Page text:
Pilot Negotiations and the RLA: As you know the Railway Labor Act (RLA) was intended to prevent interruption to rail service as the result of labor action. During the rise of air transport, particularly the air mail service, the act was extended to include air carriers. We believe that the current practices of outsourcing and creation of proxy airlines fall outside of the spirit and intent of the RLA. Over the last 20 years major air carriers have effectively circumvented the negotiation process and the government mediation process to self-help. This is done by having a stand-by pool of replacement workers (in the form of outsource airlines) in place to leave airline pilots without the tools to negotiate from anything but a position of weakness. The Federal government has partnered with the airlines in this practice, by ignoring the pleas of pilots, destroying pilot contracts and pensions through the bankruptcy process, and having an overall laissez-fare attitude toward the labor side of the industry.

Fatigue and Crew Scheduling: Finally, the issues of crew scheduling and fatigue have been discussed referencing the Continental Connection Flight 3407 accident. We support the discussion and resolution of this issue. We can only encourage the senators to travel a four day trip with a regional flight crew (New York Based), to understand the realities of this type of flying. The Regional Airline Association and the subject carrier of flight 3407 would love nothing more than to be able to point the finger at the crew, imply irresponsibility, lack of professionalism, inaptitude and incompetence. However, as members of the Sub-committee Chair Senator Dorgan remarked during the FAA hearing, “fatigue probably has much more to do with this accident than is being said.” The realities of being based in Newark, the long sits, delays, multiple flight legs are frankly…exhausting! Often one does not experience fatigue until long after takeoff, and many times pilots engage in discussion (above or below 10,000 feet) in an effort of staying alert! A flight crew can be on duty for 16 hours, get eight hours of rest, then perform another 16 hours of duty and be entirely legal per FAA regulations. Consider that these eight hours of rest do not take into account travel to the hotel, falling asleep, waking, preparation for the next day’s duty, travel back to the airport, or the movement through time zones. Truly about 5 hours of sleep is a more realistic rest period on one of these “minimum rest” overnights. When commuting time is calculated, it is quite possible for a pilot to be operating an in excess of 24 hours prior to getting rest. The fatigue issue is particularly difficult for pilots, because airlines only pay pilots for actual flight time which starts at brake release and ends at door opening. Reduced duty time at current pay could translate to even lower pay for pilots, and could be the tipping point which would cause mass pilot exodus and industry crisis.



Thank you for reading this brief. We praise your attention to this matter, leadership, and work on the Senate Sub-committee on Aviation Safety. It appears that a total review needs to be applied to these unsustainable practices within the industry. We implore you to:

1) Address fatigue and crew scheduling issues, while preserving compensation. Require livable wages for critical airline workers whose labor negotiations are encumbered by government legislation.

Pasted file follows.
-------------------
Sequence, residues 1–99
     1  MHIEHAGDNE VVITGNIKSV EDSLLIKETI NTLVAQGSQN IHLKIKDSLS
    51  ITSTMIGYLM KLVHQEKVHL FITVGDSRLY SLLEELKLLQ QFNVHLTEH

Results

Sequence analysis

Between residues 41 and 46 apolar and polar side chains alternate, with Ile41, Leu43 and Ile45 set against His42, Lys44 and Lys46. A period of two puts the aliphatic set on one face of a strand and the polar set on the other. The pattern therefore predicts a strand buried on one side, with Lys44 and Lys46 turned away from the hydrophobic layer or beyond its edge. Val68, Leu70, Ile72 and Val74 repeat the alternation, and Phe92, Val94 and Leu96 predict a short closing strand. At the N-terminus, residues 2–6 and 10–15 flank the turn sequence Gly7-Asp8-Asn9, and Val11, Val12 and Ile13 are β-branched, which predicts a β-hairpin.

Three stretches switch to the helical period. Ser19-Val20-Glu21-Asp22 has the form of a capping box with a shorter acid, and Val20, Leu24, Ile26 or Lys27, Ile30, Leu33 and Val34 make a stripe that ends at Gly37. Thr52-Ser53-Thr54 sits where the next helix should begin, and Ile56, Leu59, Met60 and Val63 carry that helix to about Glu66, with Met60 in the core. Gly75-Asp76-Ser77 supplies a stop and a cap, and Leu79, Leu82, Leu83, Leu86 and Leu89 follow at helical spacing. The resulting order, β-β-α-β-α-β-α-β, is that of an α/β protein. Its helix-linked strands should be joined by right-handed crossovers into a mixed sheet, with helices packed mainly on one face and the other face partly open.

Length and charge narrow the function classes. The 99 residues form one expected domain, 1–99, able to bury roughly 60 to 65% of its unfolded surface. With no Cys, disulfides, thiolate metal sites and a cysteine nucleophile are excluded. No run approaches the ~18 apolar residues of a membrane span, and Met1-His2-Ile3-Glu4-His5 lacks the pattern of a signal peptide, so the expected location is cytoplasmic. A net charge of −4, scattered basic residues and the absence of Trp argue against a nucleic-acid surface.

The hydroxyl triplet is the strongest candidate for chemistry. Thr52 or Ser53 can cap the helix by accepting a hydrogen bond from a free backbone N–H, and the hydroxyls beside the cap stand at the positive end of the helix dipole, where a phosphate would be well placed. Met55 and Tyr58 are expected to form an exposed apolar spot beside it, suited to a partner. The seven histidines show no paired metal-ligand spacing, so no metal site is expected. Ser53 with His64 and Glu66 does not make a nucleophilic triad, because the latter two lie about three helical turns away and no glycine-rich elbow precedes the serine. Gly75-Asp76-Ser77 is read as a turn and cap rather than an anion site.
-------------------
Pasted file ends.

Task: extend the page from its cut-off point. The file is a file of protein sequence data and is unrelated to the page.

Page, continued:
2) End the questionable outsourcing of airline responsibilities to third party operators; address the use of regional airlines as simply low cost proxies of their mainline partners.

3) Amend the Railway Labor Act to protect the industry and labor as intended, without giving airline management unbalanced favor in the negotiation process. Permit regional airline labor groups to…at a minimum…negotiate contracts in unison with their major carrier counterparts under a single brand.
 

Browntothebone

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What about the proposed language to retroactively fire regional pilots who have failed any checkride in there past flying history? Sen. Lautenberg wants this language included.
 
Last edited:

FlyboyPhil

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Sounds like a good plan brown to the bone.. lets fire everyone who ever failed a checkride.. my last failure(and my first) was in 1998.. so I'm history despite 10 years of safe flying with no incidents/accidents.. I am unsure of the numbers.. but I would bet that somewhere between half and three quarters of the airline pilots in this country have failed a checkride sometime..
AH.. you edited before I posted.. lol..
Yeah.. thats an idiotic idea..
 

OUPilot01

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At the bottom of this post is a link to the letters we've collaborated on to send to the Senate Committee on Aviation Operations. As previously discussed this is an opportunity for you, by spending 15 minutes of your time, to let those responsible for this industry know what you as a pilot deal with on a day to day basis. The Senate is holding their hearing on Wednesday with Colgan management, Regional Airline Association, and other airline industry reps. You can be sure that industry managment will use the time to imply that commuting, low-pay, and fatigue are the result of pilot irresponsibility and out of their control. It is your option if you would rather sit idlely by, or attempt to take a stand for your profession.

The letters are provided in three formats, Word 97, Rich Text Format, and Plain Text format. Whatever, word processing program you use. One of these will be compatible. If you use text format, some reformatting may be necessary.

***INSTRUCTIONS***

1) If you haven't already...read the letter and attachment, so that you konw what you're talking about. Also an earlier thread on the Cockpit forum titled..."So, What would you say!" and